Carlson then turns to fact-checkers. He discusses in detail a USA Today piece, "Fact check: False claim of US biolabs in Ukraine tied to Russian disinformation campaign," published on February 25. Carlson keys in on one line from the USA Today article: "Russia has teamed up with China to further amplify the false claim of U.S. labs in Ukraine." He claims that USA Today and other fact-checkers were asserting that "[t]hose labs obviously didn't exist."
But the USA Today fact check does not claim the labs don't exist. Rather, USA Today notes that the U.S. government had provided funding and expertise to help secure the labs as part of a treaty signed in 2005 to "prevent the proliferation of dangerous pathogens… and to minimize potential biological threats." The labs are not owned or operated by the U.S. government.
From there, Carlson focuses on the Congressional testimony of Victoria Nuland, Under Secretary of State for Political Affairs. Under questioning from Senator Marco Rubio (R-FL), Nuland testified that Ukraine had "biological research facilities" and she was concerned about the security of the facilities during the Russian assault. This is how Carlson responded on air:
Does Ukraine have biological weapons? Oh, Ukraine has biological research facilities. What? You mean secret bio labs like the secret bio labs Ukraine definitely doesn't have? Ukraine has those? Yes, it does.
And not only does Ukraine have secret bio labs, [Victoria] Nuland said, whatever they're doing in those labs is so dangerous and so scary that she is quote, "quite concerned" that the so-called research material inside those bio labs might fall into the hands of Russian forces.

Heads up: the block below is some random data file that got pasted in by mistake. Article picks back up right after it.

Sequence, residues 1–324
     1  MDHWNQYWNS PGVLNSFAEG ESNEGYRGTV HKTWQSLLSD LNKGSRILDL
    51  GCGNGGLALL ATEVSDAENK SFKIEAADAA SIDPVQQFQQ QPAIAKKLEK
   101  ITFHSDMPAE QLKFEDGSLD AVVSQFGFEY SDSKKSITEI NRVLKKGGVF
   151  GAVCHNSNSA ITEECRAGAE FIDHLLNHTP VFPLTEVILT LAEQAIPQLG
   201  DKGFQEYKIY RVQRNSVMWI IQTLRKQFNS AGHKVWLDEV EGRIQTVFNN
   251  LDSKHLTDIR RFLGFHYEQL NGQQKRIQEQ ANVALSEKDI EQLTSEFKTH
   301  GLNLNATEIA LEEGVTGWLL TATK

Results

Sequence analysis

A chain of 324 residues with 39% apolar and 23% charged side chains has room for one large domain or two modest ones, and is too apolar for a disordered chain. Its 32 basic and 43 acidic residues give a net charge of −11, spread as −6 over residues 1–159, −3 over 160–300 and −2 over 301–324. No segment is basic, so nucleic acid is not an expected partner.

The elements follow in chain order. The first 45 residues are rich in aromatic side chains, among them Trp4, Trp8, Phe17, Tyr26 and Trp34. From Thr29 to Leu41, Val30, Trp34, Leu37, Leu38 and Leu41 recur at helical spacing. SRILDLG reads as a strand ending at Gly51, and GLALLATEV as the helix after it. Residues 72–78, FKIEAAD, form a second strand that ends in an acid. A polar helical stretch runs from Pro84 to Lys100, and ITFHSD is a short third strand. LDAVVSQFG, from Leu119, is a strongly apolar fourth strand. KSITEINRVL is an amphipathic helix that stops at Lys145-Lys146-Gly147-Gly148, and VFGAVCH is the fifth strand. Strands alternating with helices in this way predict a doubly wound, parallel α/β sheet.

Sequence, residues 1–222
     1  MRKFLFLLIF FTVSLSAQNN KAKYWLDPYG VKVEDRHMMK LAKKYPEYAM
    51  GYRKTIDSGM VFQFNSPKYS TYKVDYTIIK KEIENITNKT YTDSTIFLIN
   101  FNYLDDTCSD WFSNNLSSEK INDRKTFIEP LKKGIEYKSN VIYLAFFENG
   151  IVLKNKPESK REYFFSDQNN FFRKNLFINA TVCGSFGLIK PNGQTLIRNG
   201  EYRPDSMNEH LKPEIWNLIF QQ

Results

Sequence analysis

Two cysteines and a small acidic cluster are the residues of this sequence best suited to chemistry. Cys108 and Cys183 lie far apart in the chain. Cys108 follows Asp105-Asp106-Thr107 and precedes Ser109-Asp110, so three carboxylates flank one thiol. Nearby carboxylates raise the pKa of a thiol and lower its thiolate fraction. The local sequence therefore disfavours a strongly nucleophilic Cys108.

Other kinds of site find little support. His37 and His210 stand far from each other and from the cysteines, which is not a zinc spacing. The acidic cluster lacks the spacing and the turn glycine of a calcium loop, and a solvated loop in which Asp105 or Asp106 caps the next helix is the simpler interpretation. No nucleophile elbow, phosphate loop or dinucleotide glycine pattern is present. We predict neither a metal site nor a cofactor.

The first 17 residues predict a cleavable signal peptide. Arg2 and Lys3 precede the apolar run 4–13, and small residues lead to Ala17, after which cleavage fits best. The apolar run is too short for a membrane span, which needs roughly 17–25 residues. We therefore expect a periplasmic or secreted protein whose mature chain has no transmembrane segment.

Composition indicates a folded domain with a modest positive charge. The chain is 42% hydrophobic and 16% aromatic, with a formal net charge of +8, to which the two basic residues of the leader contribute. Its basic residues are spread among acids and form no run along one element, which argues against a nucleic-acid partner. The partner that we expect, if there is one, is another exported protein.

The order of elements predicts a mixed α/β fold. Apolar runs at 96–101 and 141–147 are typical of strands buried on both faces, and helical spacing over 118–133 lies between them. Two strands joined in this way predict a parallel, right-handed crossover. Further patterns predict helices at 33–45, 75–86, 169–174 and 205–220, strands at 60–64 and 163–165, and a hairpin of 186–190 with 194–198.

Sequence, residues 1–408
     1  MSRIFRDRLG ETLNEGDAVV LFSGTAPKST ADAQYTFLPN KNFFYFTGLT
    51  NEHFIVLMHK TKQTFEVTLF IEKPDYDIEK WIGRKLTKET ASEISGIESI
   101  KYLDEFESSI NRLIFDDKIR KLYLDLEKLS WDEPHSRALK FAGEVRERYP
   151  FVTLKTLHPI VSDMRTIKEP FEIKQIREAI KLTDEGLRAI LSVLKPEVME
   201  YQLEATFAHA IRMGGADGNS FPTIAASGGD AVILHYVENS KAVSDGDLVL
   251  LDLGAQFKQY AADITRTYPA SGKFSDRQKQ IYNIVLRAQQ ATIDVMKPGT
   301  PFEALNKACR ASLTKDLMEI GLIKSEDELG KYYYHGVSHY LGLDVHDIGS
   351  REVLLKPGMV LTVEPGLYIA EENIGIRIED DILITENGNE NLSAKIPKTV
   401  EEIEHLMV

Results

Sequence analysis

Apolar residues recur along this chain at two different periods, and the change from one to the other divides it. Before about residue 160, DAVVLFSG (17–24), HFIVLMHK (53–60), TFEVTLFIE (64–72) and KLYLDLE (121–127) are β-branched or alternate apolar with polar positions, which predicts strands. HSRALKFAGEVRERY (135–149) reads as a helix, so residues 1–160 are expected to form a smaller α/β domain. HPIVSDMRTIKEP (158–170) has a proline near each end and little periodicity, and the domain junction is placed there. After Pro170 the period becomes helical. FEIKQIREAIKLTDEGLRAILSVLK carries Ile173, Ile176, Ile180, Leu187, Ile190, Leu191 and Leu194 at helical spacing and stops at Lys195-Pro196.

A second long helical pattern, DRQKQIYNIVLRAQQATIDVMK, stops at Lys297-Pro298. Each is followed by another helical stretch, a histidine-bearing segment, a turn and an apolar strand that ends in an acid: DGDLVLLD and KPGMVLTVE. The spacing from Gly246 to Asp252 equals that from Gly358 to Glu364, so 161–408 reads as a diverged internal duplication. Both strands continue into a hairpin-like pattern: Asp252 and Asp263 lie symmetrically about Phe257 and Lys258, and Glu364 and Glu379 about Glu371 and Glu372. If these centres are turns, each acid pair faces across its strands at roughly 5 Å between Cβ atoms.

I am not trying to use profanity on the air to describe our reaction. Our jaws dropped. Let's leave it there.
There is nothing jaw-dropping, or even mildly surprising, about anything Nuland said. But Carlson concludes that her testimony means "the Russian disinformation they've been telling us for days is a lie and a conspiracy theory and crazy and immoral to believe, is in fact, totally and completely true."
Carlson goes on to play a clip from the spokesman for the Russian Ministry of Defense claiming there is a "military biological program under development in Ukraine, financed by the U.S. Defense Ministry." Carlson says this claim is true and "we don't have to take Russia's word for that." Carlson asserts, with no factual basis, the U.S. is "funding the creation of deadly pathogens" in Ukraine and lying about it.